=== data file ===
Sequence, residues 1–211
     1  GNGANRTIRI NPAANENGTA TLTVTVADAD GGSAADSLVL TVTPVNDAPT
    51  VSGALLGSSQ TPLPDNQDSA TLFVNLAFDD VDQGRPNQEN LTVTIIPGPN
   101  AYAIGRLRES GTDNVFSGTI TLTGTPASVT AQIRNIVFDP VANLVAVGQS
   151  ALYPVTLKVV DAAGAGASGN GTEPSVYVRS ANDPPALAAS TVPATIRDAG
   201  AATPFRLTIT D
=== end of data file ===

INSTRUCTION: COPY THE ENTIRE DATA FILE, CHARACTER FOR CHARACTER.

Sequence, residues 1–211
     1  GNGANRTIRI NPAANENGTA TLTVTVADAD GGSAADSLVL TVTPVNDAPT
    51  VSGALLGSSQ TPLPDNQDSA TLFVNLAFDD VDQGRPNQEN LTVTIIPGPN
   101  AYAIGRLRES GTDNVFSGTI TLTGTPASVT AQIRNIVFDP VANLVAVGQS
   151  ALYPVTLKVV DAAGAGASGN GTEPSVYVRS ANDPPALAAS TVPATIRDAG
   201  AATPFRLTIT D